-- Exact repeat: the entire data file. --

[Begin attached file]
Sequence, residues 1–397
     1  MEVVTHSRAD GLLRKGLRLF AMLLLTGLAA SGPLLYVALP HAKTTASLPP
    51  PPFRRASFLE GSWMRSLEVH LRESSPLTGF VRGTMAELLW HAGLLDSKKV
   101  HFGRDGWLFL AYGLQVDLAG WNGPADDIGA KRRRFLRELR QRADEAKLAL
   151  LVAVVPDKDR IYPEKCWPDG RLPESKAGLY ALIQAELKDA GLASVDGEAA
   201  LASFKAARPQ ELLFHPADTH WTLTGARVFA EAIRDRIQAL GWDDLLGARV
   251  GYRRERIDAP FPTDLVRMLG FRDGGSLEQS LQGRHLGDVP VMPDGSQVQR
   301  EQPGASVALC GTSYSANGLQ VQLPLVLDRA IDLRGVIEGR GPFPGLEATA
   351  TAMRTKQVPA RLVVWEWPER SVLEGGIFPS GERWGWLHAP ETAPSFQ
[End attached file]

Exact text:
Sequence, residues 1–397
     1  MEVVTHSRAD GLLRKGLRLF AMLLLTGLAA SGPLLYVALP HAKTTASLPP
    51  PPFRRASFLE GSWMRSLEVH LRESSPLTGF VRGTMAELLW HAGLLDSKKV
   101  HFGRDGWLFL AYGLQVDLAG WNGPADDIGA KRRRFLRELR QRADEAKLAL
   151  LVAVVPDKDR IYPEKCWPDG RLPESKAGLY ALIQAELKDA GLASVDGEAA
   201  LASFKAARPQ ELLFHPADTH WTLTGARVFA EAIRDRIQAL GWDDLLGARV
   251  GYRRERIDAP FPTDLVRMLG FRDGGSLEQS LQGRHLGDVP VMPDGSQVQR
   301  EQPGASVALC GTSYSANGLQ VQLPLVLDRA IDLRGVIEGR GPFPGLEATA
   351  TAMRTKQVPA RLVVWEWPER SVLEGGIFPS GERWGWLHAP ETAPSFQ